This is the view of several commenters in the Daily Mail today. Referring, of course, to the opening ceremony of the Olympics.
One of them said: "It was alright. Saved by Macca at the end. I think Andrew Lloyd Webber should have been involved."
Ah. Freedom of speech is marvellous and I do love the fact that I live in a country that more or less encourages it. But it also serves as a reminder that so many people are just a waste of cells.
It appears their main problem with Danny Boyle's ceremony was its inclusivity, and in particular, its lengthy tribute and appreciation of the NHS.
A Tory MP even tweeted, in among his attacks on its left wing bent, the ceremony should have included Shakespeare. It's possible, I suppose, that he didn't understand that Branagh, in his guise as Brunel, was quoting from The Tempest which, last time I checked was written by Shakespeare. It's also possible he's an.ignorant cocklord.
Danny Boyle was the reason I watched the ceremony. I was really intrigued to see what the hell he was going to do with it. I haven't been shy to register my disgust and cynicism at the abject commercialism of the Games. The constant harping on about it and the bizarre choices of torch bearers didn't help.
And I can't say I wasn't massively cynical when it started. The theme, which was something about Britain and the seemingly twee hobbiton-like pastoral village scene at the start didn't help. Wiggins seemed to rather half heartedly ring the bell to kick it off before shuffling off stage in manner of uncomfortable teenager.
So far, so blah.
Then Boyle's way of telling the history of the industrial revolution, the rise of capitalism culminating in the forging of the rings blew me away. It was beautiful, moving, visually astounding, well acted, fabulously performed by people who weren't performers, and technically fabulous. And I don't care that I've written a load of gushing hyperbole because it deserves it. Branagh clearly loved every second of it, like his entire life culminated in this moment of standing on a replica of Glastonbury Tor, booming out Shakespeare to a billion people. And Boyle included so many things I love: Blake, Shakespeare, Elgar...
I loved the inclusion of the kids from Great Ormond Street. In fact, I loved the inclusion of all the children throughout. And children freak me out normally. I loved the NHS bit, particularly as a lot of the dancers were actually NHS staff. I loved the music bit. Could have done without the Mr Bean bit. For the first time ever I thought the Queen was a bit cooler than I initially thought, although the sight of her picking her nails, obviously bored to death while the athletes parade went by was a bit shit. It is her only job to look vaguely interested, after all. Philip was most definitely asleep at one point, although maybe they drugged the old twat to temper his temptation to make him make any racist 'jokes'.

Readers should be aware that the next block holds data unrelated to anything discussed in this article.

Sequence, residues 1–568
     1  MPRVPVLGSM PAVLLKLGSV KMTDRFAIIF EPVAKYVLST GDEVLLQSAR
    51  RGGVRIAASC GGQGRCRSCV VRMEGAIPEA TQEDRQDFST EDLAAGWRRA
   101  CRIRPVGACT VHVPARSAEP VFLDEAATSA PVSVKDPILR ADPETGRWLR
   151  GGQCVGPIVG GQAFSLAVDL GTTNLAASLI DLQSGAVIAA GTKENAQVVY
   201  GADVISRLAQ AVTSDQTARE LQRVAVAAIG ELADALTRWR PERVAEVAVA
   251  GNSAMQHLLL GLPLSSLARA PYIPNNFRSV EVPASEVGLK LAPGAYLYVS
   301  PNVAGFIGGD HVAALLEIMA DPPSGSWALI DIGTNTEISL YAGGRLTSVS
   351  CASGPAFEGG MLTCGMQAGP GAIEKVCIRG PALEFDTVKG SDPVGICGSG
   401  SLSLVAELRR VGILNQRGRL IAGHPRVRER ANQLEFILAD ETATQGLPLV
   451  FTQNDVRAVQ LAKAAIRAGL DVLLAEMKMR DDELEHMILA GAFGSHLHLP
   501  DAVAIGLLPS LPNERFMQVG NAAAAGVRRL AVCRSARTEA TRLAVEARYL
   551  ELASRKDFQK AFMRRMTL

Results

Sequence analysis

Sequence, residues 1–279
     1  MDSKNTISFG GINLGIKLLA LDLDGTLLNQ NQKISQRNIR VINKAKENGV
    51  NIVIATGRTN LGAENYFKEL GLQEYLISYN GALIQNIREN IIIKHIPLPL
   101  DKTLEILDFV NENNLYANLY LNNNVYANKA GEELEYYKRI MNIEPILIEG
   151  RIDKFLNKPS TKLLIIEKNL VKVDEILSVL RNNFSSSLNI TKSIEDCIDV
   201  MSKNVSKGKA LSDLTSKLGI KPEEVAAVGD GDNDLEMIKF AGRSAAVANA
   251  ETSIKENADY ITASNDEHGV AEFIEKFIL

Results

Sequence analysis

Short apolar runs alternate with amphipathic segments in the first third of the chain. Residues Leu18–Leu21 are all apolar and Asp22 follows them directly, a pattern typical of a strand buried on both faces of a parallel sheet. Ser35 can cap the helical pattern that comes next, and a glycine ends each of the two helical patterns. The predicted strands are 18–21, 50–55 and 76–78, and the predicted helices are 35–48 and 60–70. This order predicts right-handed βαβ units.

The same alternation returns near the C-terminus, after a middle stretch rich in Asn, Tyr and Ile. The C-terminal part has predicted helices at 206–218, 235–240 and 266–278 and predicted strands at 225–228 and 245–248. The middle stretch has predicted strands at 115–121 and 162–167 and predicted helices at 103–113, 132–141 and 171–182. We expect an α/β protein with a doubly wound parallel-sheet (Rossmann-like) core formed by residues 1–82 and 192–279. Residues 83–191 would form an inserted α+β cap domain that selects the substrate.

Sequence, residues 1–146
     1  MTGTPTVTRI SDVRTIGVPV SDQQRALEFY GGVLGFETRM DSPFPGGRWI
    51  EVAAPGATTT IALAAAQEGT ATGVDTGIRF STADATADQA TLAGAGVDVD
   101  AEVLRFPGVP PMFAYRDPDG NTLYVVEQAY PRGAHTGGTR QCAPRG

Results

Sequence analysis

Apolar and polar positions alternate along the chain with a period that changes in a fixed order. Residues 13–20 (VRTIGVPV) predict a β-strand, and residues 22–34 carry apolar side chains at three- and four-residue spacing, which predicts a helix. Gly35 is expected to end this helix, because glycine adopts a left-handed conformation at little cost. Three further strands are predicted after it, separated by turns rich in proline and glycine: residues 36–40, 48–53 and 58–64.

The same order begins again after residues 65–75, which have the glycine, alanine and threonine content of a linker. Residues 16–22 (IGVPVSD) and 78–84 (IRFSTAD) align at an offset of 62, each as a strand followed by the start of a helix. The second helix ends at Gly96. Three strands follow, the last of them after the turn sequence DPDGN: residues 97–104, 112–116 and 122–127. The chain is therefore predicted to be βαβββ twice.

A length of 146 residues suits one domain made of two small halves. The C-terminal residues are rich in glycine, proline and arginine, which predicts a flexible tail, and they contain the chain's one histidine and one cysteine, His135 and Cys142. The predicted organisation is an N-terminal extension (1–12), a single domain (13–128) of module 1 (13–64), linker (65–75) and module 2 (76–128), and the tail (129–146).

I adored the fluorescent doves on bikes bit, not least because a friend of mine was one of them. It was stunning.
And I actually had a little tear in my eye at the end, with the beautiful lighting of the torch sequence. I just saw that the seven young athletes only found out a week ago that they were going to be playing that part. The torch itself was fucking incredible and made me gasp.
To be honest, I was almost relieved when Macca came on to bore everyone to death with a shit rendition of the ubiquitous fucking Hey Jude. Can't help thinking Boyle didn't have much choice about that bit. But at least the saggy faced uber bore saved me from totally losing myself in a most unfamiliar feeling of, well, I think it was probably, uh, pride. Of being British. I honestly can't remember the last time I even felt a hint of that. And I was pleased that they pulled it off with such style and panache and genuinely included so many members of the public, from the construction workers who built it to all those children who will carry the memory of being part of something so epic for the rest of their lives.
I hope Cameron and various slimy Tories really appreciated the NHS bit especially. It is genuinely one of the best things about Britain, and we are so lucky it's there. For as long as it lasts, of course. But I expect he also thought it was 'leftie crap' in his empty, corrupt soul.
Danny Boyle is actually a bit of a genius. Shame he didn't have a finger or two in the Jubilee shite. I might have been persuaded to give a tiny shit.